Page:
Everything about gallery owner Brandy Michele Adams is refreshing and unique. She’s unapologetically herself. She’s a bright beam of creative light in the Dallas art scene.
I’ve had several run-ins with the eccentric gallery owner in the last few years, once when she was sporting rhinestone eyebrows, another when she was speeding away from a Deep Ellum nightclub comfortably seated in a friend’s motorcycle sidecar. She’s not afraid to kick it with the kids; in fact she admits she’d rather spend time with teens and young 20-somethings – they get her and she gets them.
“No one thinks I’m 37,” she said with a smile. “So why not hang with all of the 20-year-olds.” Adams isn’t who comes to mind when you think of a Dallas gallery owner. She’s on a different wave length. She may even be in a different galaxy. Her offbeat, odd personality is magnetic to visual artists and has been the source of her success with her Dallas-based W.A.A.S. Gallery (an acronym for We Are All Stars after all) located at 2722 Logan St.
Though Adams showcases local DFW talent in the space, her real passion is to expose Dallas to a wide array of international contemporary art. She travels constantly, seeking out new and interesting artists across the globe. She purposefully throws herself into new environments, locally and internationally, waiting for the right artist to find her. That’s right, she doesn’t intentionally travel to snag up artists in different markets to showcase at W.A.A.S., and it’s all an organic process.
“We actually find each other,” she claimed. “Me being a star means the universe kind of synchronizes us into alignment.”
A troubled past riddled with sexual abuse, drugs and drinking led her to where she is now. As we talked, Adams opened up about her past life as a 20-year-old celebrity makeup artist, struggling with the temptations of working with a slew of A-list celebrities in L.A.
She had made it, but couldn’t handle the Hollywood success at such a young age. When she moved back to Dallas kicking and screaming, she didn’t see the same opportunities for a young makeup artist here.
“Hair and makeup don’t exist in Dallas like they do out there,” she said. “I didn’t want to be a part of the Neiman Marcus/J.C. Penney’s loop.”
She admits she first rented the gallery space south of downtown Dallas because of her grandfather and father, two strong male figures in her life. They own the building right beside her and are in fact her landlords, but she was intent on making the entrepreneurial leap all her own.
“I don’t want people thinking that I’m a rich kid from Dallas,” she said. “I want people to buy art from me because I did it. I started W.A.A.S. and I’m hustling.”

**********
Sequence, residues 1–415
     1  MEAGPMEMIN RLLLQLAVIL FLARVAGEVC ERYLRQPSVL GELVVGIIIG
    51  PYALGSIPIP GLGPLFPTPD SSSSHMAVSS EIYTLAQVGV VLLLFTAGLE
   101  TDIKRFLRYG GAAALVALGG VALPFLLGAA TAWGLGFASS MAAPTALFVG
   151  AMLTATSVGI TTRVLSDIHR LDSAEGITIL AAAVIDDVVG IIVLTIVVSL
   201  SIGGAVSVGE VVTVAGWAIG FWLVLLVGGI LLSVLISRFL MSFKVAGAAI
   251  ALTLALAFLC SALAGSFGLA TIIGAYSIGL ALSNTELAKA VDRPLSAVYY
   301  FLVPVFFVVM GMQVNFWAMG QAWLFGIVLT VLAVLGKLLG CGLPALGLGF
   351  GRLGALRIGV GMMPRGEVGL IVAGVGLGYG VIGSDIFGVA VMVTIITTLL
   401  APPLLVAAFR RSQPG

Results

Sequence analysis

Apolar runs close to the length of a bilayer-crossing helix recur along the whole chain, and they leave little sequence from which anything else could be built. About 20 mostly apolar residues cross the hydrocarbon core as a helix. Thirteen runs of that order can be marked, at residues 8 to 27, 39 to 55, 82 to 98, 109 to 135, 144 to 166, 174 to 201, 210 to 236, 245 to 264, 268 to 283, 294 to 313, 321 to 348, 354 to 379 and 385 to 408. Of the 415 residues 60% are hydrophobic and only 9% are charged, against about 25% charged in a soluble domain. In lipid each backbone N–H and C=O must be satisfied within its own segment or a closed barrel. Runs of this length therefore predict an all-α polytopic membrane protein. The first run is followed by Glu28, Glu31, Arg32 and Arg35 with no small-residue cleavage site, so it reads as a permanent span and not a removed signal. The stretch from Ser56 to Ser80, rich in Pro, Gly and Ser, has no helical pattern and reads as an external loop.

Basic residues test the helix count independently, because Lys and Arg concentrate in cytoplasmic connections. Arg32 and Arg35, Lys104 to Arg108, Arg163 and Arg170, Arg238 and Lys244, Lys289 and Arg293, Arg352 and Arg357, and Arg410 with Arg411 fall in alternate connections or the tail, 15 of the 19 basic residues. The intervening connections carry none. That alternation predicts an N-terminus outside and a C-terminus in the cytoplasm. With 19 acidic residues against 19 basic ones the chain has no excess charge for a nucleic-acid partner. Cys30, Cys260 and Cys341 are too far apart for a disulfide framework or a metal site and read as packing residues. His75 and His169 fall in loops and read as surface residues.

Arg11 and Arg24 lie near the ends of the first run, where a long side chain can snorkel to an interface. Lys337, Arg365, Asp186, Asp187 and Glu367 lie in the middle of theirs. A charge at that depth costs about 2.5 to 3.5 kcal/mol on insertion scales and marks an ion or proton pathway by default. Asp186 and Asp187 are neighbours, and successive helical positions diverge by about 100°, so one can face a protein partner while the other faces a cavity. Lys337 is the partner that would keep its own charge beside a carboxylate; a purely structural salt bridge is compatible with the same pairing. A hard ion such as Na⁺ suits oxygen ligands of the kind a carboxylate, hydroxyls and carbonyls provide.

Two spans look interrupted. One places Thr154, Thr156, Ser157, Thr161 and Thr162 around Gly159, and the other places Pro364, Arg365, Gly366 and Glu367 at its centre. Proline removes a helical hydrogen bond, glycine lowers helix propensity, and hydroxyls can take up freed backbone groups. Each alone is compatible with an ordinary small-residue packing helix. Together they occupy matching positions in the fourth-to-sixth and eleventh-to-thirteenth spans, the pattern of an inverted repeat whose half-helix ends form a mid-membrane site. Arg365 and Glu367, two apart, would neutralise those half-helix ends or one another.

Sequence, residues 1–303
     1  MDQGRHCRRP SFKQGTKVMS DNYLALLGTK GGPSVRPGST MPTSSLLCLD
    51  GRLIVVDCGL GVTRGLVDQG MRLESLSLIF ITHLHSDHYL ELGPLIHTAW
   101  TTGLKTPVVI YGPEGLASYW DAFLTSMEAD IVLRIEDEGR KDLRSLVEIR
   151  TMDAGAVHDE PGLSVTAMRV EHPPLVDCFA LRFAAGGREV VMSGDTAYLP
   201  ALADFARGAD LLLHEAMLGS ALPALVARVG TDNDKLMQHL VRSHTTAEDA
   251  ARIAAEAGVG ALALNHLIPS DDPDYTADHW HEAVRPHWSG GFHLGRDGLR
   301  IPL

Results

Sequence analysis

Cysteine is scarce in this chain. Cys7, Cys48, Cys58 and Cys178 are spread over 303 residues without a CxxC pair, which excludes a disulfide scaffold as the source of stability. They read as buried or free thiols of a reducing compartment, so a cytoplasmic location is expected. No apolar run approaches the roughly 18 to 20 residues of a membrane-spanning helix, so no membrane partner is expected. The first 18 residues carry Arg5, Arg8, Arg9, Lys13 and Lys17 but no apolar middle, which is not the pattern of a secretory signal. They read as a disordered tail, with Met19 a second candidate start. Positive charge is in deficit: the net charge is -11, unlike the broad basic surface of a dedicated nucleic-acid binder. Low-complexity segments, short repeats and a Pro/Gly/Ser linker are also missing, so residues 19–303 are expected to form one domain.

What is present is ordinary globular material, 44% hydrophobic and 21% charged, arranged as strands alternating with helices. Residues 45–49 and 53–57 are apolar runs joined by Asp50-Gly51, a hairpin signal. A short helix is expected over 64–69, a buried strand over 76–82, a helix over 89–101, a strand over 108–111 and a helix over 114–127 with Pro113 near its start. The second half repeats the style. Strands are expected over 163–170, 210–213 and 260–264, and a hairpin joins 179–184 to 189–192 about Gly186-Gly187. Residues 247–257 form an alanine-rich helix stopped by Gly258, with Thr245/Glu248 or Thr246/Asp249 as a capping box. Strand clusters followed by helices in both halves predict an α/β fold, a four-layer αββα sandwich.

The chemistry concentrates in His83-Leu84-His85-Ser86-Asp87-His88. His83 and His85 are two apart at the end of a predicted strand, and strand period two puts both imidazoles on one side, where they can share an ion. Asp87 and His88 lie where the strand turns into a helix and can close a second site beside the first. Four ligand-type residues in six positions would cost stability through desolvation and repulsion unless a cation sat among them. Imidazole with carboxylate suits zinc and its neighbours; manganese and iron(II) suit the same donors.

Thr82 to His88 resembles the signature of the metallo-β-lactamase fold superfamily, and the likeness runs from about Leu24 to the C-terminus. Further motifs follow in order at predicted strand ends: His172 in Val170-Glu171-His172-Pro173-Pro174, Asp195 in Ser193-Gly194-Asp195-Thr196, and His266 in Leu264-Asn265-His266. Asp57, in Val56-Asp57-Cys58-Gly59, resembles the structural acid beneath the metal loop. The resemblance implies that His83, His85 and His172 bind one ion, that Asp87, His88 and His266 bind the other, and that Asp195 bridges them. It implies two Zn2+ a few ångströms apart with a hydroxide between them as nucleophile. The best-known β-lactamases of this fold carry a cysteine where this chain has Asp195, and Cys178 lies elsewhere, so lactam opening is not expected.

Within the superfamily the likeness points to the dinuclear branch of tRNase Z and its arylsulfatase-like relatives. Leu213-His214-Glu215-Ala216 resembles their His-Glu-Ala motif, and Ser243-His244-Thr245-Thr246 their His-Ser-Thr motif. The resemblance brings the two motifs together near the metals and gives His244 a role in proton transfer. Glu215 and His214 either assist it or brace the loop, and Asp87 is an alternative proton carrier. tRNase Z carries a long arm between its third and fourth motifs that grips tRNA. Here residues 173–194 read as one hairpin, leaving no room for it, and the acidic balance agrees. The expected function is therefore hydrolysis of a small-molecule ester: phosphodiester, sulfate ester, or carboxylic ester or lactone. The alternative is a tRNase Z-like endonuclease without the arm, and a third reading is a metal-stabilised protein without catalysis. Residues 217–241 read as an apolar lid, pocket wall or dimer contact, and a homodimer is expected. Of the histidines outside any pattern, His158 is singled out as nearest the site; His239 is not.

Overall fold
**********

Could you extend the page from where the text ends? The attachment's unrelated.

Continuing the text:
Adams wasn’t fed from a silver spoon; she had to work for what is now hers. After taking out the money to build the gallery, she and five friends (fellow “stars”) had to renovate the gallery themselves due to budget constraints. She admits she’s a workaholic, someone who pours heart and soul into her work.
“I almost died for the arts instead of thriving for them,” she admitted to me during our interview. “I lost 40 pounds. It’s a lot of work…everyone thought I was crazy.”
When asked about the non-traditional gallery location, Adams candidly stated that “they do pop-ups in crack areas all the time elsewhere. That’s where art is happening now in L.A. and New York.”
She was the first to take a chance on the “other side of the tracks,” and others are finally noticing she had the right idea. Her goal was to sell remarkable works of art, exposing our city to new and different artists that we would never have been exposed to at more traditional gallery spaces. She wanted to truly support emerging artists and do it her own way.
“I can’t wait on Dallas,” she stated. “The art market here is run by interior designers. I don’t see artists as just dollars.”
Adams works as a confidant and teacher to emerging artists, helping them fine-tune their craft.
” ‘How do we sell it here?’ I ask them. ‘Don’t paint to paint. Paint to sell,’ ” she claimed as she explained to me how she works closely with all artists to help them understand what buyers in Dallas want, while still allowing them to flex their creative muscles. She’s a mentor and a wealth of knowledge.
Adams has been able to use her hardships and early-life trauma as a catalyst toward substantial creative growth. She encourages emerging artists she’s working with, like her, to fail repeatedly until they find something that sticks. The beautifully-odd art advocate covered in tattoos and piercings is encouraging people to be themselves without even realizing the full impact she’s making.
She and her gallery are a fresh of breath air to the Dallas art scene and we can’t wait to see what she does next. You can visit her gallery and see emerging art alongside successful contemporary artists such as Mr. Brainwash and Hit + Run.
You can check out W.A.A.S. Gallery (waasgallery.com) and say hello to Adams in person during the next exhibition featuring neo-abstract expressionist “JMR” (AKA JM Rizzi). The Brooklyn, N.Y.,-based artist will be showcasing contemporary art influenced by hybrid street style and graffiti he grew up surrounded by in his youth. The exhibition will run from Jan. 31-March 14.